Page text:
Staff know that leaders take their well-being seriously. Staff appreciate that leaders pay attention to their workload.

They say that leaders support them well.


The arrangements for safeguarding are effective.

Leaders, staff and governors have created a strong culture of safeguarding.

Staff members are well trained to support pupils who may be at risk of harm. Procedures to identify and report concerns are understood clearly by staff.

Leaders make sure that appropriate checks are made on staff before they start work at the school.

Leaders and governors are trained in safer recruitment.

Leaders have designed a well-considered curriculum to help pupils learn about the different ways they can stay safe. This includes the importance of healthy relationships and risks they may face when online.

What does the school need to do to improve?

(Information for the school and appropriate authority) ? Leaders do not identify the needs of pupils with SEND quickly or accurately enough. This means that teachers do not have an accurate understanding of how to meet the needs of all pupils with SEND. Leaders should make sure that the needs of pupils with SEND are identified and that teachers know how to adapt their teaching so that all pupils with SEND are supported to achieve well.

• Some subject curriculums do not identify the important knowledge that pupils need to learn and remember. Consequently, pupils do not build on what they already know effectively. Leaders should ensure that all subject curriculums are well sequenced so that teaching helps pupils to know and remember more and that pupils are well prepared for what comes next.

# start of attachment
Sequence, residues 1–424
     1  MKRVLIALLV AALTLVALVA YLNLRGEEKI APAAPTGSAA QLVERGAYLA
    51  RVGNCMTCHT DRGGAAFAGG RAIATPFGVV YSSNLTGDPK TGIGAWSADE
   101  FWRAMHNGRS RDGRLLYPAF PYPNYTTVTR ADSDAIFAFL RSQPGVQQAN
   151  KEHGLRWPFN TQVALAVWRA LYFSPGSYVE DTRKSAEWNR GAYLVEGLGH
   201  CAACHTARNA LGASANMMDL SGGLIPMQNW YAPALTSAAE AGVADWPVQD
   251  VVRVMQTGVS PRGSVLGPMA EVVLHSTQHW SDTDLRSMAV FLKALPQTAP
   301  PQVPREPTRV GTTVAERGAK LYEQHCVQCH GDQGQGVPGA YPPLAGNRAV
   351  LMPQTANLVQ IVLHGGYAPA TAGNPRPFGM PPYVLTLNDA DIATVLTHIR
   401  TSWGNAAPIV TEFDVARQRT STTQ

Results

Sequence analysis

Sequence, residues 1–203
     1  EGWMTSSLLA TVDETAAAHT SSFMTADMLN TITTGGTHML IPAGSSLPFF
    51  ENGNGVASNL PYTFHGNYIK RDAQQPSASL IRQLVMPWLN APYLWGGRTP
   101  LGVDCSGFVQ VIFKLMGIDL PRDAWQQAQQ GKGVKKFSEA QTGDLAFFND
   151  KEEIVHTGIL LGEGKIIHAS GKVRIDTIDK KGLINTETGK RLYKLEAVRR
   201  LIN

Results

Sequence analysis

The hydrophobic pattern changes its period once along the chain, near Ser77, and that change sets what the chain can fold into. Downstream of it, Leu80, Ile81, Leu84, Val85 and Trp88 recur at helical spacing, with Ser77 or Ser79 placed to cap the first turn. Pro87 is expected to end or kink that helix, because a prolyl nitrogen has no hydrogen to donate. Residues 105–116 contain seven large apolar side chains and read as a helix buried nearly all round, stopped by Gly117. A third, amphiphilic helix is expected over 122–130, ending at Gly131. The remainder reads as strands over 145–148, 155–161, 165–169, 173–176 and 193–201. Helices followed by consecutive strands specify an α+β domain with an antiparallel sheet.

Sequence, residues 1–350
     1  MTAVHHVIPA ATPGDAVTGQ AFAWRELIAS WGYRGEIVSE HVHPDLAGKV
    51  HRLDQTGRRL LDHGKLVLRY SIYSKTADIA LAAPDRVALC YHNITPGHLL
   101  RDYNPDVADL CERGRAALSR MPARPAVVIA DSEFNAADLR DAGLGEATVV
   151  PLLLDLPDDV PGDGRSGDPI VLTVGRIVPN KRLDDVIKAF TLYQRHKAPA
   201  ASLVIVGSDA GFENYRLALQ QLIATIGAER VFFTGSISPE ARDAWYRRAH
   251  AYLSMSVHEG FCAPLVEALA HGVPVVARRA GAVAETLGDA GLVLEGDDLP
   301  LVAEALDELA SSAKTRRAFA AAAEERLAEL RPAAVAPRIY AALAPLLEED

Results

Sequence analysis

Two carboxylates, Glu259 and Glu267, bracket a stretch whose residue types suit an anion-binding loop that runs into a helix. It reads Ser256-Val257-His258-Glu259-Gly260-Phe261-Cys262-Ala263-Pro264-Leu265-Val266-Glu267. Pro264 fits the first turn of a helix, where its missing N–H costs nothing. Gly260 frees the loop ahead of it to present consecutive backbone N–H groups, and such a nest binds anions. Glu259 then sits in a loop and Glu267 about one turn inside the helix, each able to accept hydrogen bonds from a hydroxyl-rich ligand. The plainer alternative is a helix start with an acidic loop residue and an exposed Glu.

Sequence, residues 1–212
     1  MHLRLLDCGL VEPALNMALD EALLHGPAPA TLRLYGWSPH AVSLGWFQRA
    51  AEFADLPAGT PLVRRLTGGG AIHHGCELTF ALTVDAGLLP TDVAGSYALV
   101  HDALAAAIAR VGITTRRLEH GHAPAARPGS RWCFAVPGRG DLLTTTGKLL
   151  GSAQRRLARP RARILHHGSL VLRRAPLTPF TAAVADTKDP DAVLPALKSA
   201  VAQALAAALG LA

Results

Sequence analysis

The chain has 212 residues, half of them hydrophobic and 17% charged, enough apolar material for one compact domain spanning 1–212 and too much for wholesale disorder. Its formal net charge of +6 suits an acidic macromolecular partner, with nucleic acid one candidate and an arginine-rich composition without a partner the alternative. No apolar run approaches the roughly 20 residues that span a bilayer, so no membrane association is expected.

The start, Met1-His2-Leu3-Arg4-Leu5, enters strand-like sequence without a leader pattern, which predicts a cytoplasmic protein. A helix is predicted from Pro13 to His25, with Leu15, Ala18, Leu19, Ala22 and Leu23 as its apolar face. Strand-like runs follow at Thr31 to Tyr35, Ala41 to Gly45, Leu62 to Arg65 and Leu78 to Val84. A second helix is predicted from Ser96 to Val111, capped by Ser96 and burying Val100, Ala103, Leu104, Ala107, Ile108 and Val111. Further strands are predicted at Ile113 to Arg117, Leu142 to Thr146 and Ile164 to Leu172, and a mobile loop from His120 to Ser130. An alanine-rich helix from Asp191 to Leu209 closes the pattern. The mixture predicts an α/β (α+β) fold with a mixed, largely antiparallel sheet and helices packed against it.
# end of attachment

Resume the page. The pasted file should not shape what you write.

• Teachers do not always use assessment effectively. In lessons, pupils' misconceptions are not always addressed, and learning is not adapted to the needs of pupils. Leaders should make sure that all teachers receive appropriate training in the school's assessment strategies so they can support all pupils to make better progress.

• Some leaders who oversee important areas of the school's work are new in post. They would benefit from more support and guidance to ensure that they understand their roles. Senior leaders should continue to invest in high-quality support and training for middle leaders in the school.

• Some members of staff are not following the school's behaviour policy. This means that not all pupils follow the expected routines in social times in the school. Leaders should ensure that the behaviour policy is understood by all members of the school community and applied consistently.

• Some pupils do not attend school often enough. They are missing opportunities to learn and are not making as much progress as they should. Leaders should continue to work with families to ensure that all pupils attend school regularly.